Case Study: Onki Desktop Storage SafeHow a designer's tutorial became an "accidental" consumer product innovation
The Development of a Consumer Product Concept
While leading a Photoshop tutorial for interns, designer Dave Pehar created an image of a cylindrical container with a lid. When his colleague, open innovation director Evan Spirk, asked what it was supposed to be, he explained that it could serve as a desktop locker for small personal items, like keys. “On-demand key storage,” he called it. Dave and Evan worked together to develop and refine the concept and Onki was born.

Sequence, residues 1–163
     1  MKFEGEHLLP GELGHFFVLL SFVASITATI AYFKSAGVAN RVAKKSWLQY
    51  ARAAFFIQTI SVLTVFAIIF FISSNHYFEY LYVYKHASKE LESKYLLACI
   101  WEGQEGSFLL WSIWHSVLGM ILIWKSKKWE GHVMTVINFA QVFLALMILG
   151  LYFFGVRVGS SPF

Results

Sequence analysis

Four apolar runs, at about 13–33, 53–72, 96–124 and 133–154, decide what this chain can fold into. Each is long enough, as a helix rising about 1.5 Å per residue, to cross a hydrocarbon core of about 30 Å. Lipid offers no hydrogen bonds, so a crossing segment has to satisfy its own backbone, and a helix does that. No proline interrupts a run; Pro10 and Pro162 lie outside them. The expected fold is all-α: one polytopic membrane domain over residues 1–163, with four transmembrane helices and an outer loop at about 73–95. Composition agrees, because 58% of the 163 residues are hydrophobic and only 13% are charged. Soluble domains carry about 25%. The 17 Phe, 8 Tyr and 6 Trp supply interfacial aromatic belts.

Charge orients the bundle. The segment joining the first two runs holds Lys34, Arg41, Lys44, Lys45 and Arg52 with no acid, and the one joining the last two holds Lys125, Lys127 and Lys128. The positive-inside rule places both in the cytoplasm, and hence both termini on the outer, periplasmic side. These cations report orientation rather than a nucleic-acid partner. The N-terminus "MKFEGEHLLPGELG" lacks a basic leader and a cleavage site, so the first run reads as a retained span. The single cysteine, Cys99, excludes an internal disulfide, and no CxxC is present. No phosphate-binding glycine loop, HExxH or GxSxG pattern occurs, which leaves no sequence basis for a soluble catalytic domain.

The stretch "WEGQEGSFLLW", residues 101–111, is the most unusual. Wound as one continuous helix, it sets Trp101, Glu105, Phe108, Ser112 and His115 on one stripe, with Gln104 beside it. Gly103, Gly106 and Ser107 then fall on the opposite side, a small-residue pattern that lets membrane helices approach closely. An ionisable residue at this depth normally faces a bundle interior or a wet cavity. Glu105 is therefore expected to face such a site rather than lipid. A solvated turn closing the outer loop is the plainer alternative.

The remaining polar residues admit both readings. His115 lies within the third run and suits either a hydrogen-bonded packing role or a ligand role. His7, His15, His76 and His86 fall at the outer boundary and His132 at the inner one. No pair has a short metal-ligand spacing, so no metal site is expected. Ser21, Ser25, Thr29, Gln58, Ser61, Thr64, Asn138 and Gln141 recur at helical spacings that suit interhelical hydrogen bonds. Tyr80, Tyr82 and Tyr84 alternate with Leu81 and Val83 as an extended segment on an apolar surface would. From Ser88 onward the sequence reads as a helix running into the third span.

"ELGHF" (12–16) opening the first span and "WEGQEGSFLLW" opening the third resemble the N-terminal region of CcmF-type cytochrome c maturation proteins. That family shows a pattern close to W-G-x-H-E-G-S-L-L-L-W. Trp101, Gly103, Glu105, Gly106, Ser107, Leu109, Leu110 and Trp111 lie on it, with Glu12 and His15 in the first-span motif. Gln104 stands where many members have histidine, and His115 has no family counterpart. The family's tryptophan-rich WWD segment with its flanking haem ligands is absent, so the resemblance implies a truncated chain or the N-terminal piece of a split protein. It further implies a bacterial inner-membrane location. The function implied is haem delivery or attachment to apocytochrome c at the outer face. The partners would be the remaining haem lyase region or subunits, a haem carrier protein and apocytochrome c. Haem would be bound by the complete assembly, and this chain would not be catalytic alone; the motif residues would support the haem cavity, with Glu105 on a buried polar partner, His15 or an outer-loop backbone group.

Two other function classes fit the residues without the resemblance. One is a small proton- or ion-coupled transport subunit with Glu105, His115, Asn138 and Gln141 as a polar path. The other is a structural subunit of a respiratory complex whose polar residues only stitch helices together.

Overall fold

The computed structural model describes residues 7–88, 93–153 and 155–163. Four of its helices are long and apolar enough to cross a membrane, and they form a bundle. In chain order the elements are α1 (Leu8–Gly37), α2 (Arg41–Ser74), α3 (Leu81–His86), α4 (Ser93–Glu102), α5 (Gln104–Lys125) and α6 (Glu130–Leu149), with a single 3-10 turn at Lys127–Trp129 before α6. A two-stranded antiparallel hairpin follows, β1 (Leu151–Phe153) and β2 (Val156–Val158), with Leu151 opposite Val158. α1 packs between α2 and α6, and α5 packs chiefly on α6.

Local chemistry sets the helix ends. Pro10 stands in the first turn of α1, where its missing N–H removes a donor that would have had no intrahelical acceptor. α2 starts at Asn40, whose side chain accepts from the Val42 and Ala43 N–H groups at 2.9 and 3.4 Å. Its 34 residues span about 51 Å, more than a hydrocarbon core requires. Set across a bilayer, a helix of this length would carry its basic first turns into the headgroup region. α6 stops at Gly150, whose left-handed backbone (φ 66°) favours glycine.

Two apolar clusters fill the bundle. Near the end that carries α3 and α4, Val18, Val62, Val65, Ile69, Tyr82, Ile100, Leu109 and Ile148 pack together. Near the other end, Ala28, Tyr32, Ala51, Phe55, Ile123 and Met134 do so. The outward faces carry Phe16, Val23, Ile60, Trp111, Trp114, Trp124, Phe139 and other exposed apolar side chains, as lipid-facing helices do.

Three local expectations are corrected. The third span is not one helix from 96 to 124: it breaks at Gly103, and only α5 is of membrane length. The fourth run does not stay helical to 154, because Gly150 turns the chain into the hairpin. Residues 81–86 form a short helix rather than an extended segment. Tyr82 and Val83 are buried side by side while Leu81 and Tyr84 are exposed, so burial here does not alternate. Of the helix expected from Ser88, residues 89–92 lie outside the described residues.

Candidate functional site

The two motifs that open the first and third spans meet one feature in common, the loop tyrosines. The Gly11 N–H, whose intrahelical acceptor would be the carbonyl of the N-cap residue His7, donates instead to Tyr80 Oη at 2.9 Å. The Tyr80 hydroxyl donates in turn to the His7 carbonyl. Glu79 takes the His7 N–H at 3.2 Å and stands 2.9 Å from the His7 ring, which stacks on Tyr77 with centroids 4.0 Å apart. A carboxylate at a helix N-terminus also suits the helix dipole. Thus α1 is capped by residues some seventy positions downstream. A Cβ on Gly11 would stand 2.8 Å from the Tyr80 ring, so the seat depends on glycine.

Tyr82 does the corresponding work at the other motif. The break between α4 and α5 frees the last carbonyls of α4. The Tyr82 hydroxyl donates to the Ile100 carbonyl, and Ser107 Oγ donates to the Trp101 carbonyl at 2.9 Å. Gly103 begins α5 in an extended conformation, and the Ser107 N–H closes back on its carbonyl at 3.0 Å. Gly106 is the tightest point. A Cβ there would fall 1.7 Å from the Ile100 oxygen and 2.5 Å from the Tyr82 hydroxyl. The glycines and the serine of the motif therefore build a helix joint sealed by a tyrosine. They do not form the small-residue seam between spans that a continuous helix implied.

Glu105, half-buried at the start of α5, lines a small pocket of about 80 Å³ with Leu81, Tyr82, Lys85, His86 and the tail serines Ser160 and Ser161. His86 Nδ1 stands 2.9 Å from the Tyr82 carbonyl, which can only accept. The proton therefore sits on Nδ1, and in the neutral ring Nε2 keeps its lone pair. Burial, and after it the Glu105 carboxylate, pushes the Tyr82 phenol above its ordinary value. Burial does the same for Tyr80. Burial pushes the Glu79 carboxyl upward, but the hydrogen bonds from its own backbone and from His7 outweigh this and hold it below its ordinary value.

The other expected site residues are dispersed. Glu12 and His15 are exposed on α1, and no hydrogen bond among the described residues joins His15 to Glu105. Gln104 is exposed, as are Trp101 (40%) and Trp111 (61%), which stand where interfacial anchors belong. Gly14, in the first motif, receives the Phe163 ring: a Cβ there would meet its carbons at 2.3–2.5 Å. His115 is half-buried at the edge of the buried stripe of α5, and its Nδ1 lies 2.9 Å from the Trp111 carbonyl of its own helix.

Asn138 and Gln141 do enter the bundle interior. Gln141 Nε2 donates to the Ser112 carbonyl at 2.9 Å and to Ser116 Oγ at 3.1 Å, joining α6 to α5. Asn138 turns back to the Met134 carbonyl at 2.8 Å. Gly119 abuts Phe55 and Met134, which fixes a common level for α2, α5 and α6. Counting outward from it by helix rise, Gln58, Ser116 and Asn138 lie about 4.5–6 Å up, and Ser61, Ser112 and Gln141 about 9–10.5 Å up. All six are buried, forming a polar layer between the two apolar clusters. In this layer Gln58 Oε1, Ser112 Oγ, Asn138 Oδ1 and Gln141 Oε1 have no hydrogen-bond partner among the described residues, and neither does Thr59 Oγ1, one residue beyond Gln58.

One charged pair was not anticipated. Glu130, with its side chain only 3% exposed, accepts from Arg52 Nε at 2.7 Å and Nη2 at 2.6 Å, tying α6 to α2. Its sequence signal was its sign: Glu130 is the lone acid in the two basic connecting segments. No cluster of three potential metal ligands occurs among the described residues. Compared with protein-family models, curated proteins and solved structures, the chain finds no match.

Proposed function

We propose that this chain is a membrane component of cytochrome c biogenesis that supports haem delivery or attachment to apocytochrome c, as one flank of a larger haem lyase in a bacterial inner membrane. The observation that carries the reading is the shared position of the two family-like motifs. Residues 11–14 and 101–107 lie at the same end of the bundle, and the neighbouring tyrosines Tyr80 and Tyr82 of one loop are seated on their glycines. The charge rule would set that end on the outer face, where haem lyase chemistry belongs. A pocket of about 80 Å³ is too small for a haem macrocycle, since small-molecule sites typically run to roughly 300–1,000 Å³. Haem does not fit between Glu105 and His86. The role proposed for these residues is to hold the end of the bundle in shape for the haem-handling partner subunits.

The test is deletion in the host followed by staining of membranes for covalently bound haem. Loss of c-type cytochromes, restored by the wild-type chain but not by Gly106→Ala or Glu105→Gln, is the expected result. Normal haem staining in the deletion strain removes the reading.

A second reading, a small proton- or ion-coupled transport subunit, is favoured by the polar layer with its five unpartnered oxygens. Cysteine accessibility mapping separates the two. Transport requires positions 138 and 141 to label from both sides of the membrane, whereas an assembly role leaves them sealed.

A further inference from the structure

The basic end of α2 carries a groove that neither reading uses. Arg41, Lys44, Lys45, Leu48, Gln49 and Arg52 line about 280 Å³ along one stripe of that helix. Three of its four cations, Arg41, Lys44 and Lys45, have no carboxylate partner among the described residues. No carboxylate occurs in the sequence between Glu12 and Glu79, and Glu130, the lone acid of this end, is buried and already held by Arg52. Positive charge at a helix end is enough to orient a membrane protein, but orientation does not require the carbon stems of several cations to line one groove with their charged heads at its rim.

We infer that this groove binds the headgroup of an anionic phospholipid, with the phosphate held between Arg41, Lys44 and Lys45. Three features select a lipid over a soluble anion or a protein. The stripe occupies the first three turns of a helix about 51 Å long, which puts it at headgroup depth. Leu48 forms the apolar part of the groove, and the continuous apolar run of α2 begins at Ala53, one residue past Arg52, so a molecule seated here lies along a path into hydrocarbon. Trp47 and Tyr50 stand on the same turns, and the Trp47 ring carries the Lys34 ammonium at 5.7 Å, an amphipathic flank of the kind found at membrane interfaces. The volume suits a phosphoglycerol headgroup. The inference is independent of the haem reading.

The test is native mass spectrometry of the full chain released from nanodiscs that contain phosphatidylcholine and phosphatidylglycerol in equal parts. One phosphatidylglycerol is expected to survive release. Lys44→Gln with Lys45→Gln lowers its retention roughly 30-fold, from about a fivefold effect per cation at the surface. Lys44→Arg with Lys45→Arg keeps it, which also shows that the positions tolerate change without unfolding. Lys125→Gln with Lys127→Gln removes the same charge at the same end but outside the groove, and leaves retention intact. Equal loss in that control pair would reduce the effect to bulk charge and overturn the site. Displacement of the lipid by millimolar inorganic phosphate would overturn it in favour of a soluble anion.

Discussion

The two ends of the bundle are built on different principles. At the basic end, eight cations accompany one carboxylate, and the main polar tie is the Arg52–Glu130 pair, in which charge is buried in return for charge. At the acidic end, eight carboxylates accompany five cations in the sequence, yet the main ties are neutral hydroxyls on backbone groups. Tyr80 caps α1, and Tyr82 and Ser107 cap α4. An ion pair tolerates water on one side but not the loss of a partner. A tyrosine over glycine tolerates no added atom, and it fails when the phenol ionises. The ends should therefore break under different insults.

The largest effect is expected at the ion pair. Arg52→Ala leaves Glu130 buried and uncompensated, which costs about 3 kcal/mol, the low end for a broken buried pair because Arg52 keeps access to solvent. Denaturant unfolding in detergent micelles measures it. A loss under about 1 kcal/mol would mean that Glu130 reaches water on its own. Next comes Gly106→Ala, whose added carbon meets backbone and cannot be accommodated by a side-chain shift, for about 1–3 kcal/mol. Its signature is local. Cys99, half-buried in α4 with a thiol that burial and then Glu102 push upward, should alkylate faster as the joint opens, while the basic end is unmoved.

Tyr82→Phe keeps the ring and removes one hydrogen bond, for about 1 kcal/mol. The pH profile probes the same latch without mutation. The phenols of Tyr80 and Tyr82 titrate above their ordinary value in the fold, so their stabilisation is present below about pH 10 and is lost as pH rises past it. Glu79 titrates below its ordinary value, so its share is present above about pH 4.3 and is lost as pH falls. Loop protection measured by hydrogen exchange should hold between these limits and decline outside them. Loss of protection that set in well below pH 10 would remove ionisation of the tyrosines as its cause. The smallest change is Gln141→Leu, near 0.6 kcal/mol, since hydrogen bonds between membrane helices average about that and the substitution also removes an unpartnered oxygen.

Onki provides secure storage and quick access for frequently used items like keys, wallet, money or smartphone. The lid serves as a tray for items that you would like to keep easily accessible. The lid also raises and rotates, by pushing a button, to store items inside. Onki can be locked with a key, and can also be used with a Kensington lock (sold separately) to secure it to a table or desk. It’s equally suited for offices, college dorms and homes.
Onki was taken through several rounds of design refinement and testing to align with consumers’ needs and preferred price point. It is now available in select Walmart stores.
The Onki Desktop Storage and Safe system began as a Photoshop tutorial for interns, then became an “on-demand key storage” concept. After several rounds of design refinements and consumer research, it’s now available at Walmart.